Hybrid PPP, on the other hand, is a worse form of PPP because it puts even heavier load on the public sector than the already onerous burden it shoulders under a regular PPP. In a regular PPP, the private sector will raise funds to build the infrastructure, and then operate and maintain (O&M) it in a fixed period to recover investments and earn profits. In a hybrid PPP, the public sector will finance the construction of the infrastructure through official development assistance (ODA) loans and then give the O&M to the private sector. The public will thus be burdened with direct debt servicing for the ODA loans (in a regular PPP, debt is often a contingent liability), profit guarantees and other perks for the private operator, and high user fees.

With preference for unsolicited projects and hybrid PPP, and the pending Traffic Emergency Bill – supposedly meant to address the traffic crisis – the stage to favor certain big oligarchs is set. With emergency or special powers, the Executive could fast track the implementation of transport infrastructure projects through negotiated contracts in the pretext of solving the urgent traffic crisis.

Increased foreign role

Meanwhile, as bilateral relations with China warm up under Duterte, the administration is actively seeking Chinese financing for big-ticket infrastructure projects through bilateral ODA loans, as well as multilaterally through the China-led Asian Infrastructure Investment Bank (AIIB), to fulfill the so-called “golden age of infrastructure”.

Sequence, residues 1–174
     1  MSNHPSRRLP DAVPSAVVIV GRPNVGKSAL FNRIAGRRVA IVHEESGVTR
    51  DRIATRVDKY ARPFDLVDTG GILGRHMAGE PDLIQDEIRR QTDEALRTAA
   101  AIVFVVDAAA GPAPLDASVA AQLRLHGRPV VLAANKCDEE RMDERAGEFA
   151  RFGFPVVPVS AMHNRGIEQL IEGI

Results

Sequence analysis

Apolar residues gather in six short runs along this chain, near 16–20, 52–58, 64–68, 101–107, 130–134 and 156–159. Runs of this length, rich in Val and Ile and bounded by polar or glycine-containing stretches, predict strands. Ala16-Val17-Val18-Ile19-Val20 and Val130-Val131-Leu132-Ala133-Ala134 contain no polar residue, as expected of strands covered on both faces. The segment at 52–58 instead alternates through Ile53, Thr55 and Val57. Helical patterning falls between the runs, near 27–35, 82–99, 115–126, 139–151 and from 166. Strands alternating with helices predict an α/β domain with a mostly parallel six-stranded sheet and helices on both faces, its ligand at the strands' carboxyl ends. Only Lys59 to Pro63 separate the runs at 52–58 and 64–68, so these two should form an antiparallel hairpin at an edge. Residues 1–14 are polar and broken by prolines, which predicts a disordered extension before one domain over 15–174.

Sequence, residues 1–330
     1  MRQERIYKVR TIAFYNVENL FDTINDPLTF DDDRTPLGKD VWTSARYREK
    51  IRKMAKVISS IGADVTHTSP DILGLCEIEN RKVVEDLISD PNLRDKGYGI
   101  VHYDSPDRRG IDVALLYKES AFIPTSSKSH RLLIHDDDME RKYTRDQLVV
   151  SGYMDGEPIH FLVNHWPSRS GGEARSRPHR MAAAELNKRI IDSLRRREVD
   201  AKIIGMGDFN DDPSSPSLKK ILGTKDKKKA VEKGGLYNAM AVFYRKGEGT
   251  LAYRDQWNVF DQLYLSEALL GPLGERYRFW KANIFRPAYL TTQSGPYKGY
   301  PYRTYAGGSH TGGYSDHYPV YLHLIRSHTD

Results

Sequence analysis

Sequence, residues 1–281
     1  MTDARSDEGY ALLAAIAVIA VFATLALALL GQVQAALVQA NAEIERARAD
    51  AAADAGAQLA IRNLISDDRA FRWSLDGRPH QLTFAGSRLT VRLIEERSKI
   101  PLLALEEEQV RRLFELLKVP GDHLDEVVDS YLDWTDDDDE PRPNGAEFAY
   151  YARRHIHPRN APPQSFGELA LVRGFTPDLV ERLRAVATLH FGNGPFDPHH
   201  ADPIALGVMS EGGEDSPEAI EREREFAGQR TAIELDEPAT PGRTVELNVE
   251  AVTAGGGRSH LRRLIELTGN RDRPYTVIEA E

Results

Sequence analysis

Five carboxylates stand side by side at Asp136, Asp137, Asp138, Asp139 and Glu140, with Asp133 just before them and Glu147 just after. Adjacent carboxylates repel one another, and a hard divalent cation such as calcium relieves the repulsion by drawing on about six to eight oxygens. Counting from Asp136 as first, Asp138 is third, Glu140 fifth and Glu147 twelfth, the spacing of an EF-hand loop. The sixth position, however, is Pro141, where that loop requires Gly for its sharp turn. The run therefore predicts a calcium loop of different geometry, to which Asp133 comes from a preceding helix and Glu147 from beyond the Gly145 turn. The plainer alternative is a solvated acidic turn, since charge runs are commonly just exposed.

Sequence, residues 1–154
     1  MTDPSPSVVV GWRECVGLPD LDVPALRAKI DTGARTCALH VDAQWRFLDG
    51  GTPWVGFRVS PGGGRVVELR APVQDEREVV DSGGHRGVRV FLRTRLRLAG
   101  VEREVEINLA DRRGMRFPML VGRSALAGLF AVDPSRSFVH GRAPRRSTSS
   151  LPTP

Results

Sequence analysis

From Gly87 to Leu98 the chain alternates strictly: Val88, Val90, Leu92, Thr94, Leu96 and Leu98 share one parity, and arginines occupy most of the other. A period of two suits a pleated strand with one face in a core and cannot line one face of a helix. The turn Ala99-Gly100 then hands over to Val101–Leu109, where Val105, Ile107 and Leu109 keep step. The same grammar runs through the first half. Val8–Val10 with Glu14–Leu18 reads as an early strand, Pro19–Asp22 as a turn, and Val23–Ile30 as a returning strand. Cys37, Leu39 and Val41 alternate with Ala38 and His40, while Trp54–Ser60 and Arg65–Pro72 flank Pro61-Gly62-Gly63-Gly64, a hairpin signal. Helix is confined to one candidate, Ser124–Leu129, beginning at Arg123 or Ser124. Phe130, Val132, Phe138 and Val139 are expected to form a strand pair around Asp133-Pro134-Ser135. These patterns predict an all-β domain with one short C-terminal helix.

Reports say that China is set to finance Php172.4-billion worth of infrastructure projects this year. This is part of the 15 projects identified for Chinese financing under the Duterte administration estimated at a total of $6.96 billion (Php349.92 billion). Earlier reports indicated that one of the projects that China will finance is the South Line of the North-South Railway Project (NSRP) for $3.01 billion (Php151.33 billion). China also expressed initial interest in bankrolling “Duterte’s dream” of Php218-billion, 830-kilometer Mindanao railway system.

Aside from China, other imperialist financial institutions are also lining up to fund Duterte’s “golden age of infrastructure”, also mostly in the transport sector. The Japan International Cooperation Agency (JICA) has committed to finance three mega-transport projects with a combined cost of $8.8 billion (Php442.42 billion). Eleven other projects are being pitched as well to Japan for possible funding including irrigation and flood control projects. These projects are: $4.3-billion initial phase of the Mega Metro Manila subway system connecting FTI in Taguig City to the SM North EDSA and Trinoma malls in Quezon City; the $2.7-billion commuter line extending to Los Baños, Laguna, the south line of the North-South railway project, and the $1.9-billion high-speed rail extending to the soon-to-rise Clark Green City of the North-South Commuter Railway connecting Tutuban in Manila and Malolos, Bulacan.

The US-controlled World Bank, on the other hand, is providing $64.6 million (Php3.25 billion) for the first line of the Metro Manila bus rapid transit (BRT) system.